In 1924, he and a large grouping of young Christians who had come together to build a cultural home were randomly beaten by police officers and tortured at the police headquarters. Dejected at this humiliation, Codreanu retreated into the wilderness of the Carpathians and survived for a month as an ascetic, living only off of food given kindly by local shepherds while he contemplated the future of his country. Upon returning, he would be forced to shoot the police prefect who had beaten him, in self defense at a courthouse. Again, he was cleared by a jury of any wrongdoing.

the Rarau Mountain where Codreanu lived as a hermit

In 1926, the League split in two, and disenchanted with Cuza’s poor leadership, Codreanu founded his own movement, the Legion of the Archangel Michael. From abject poverty and irrelevance, this group would rise to become the most powerful political force in Romania, though constantly harried and attacked by both Jewish press outlets and the other political parties who held power in a carousel, each dedicating themselves to destroying the Legion through extra-judicial murder and imprisonment.

The Jews of Romania are mentioned numerous times in the book, but unlike many tracts of the time, all of Codreanu’s anti-semitism is based on detailed anecdotal experience rather than theories about eugenics. He repeatedly quotes various Jewish papers which slander his organization, Christianity, and ethnic Romanians. He also presents the association of Jews with Communism, particularly as was witnessed in neighboring Hungary under the short-lived but devastating Bela Kun regime. The anti-semitism expressed consistently comes as a response to realities within the Romanian nation, especially startling demographic ratios concerning education, where Codreanu correctly deduces that after failing to deny the Jews political rights in Romania, unless they were deported to Palestine they would make up Romania’s elite within a generation, and this would be the death of the Romanian nation. Because of this, no matter what one’s opinions of Jews are, the author commands a justified understanding of why he felt as he did within the socio-historical context.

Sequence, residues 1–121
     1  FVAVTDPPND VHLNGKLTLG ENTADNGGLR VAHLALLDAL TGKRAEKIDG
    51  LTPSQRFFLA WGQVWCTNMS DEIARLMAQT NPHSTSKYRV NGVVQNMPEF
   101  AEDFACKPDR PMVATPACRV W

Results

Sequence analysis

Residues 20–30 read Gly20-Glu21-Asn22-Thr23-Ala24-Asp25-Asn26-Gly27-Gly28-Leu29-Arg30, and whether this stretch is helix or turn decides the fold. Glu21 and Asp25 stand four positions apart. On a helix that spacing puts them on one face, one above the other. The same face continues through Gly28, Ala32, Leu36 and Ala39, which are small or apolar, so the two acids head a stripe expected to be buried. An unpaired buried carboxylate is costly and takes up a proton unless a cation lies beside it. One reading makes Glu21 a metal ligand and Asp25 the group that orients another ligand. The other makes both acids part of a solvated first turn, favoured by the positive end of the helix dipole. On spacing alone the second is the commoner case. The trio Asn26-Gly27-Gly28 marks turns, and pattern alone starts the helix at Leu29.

In 1938, an almost assured perseverance and victory of the Legion was brought to a halt by the imposition of a royal dictatorship by King Carol II who had usurped the throne with the help of treacherous politicians after his own self-exile with his mistress. With unlimited power, and seeing the Legion as an uncontrollable threat, he finally organized a special trial in which he managed to convict the immensely popular Codreanu. On November 30th, along with several of his fellow Legionaries, Codreanu was callously executed during a prison transfer. This came to be known by Romanians as the ‘Night of the Vampires’.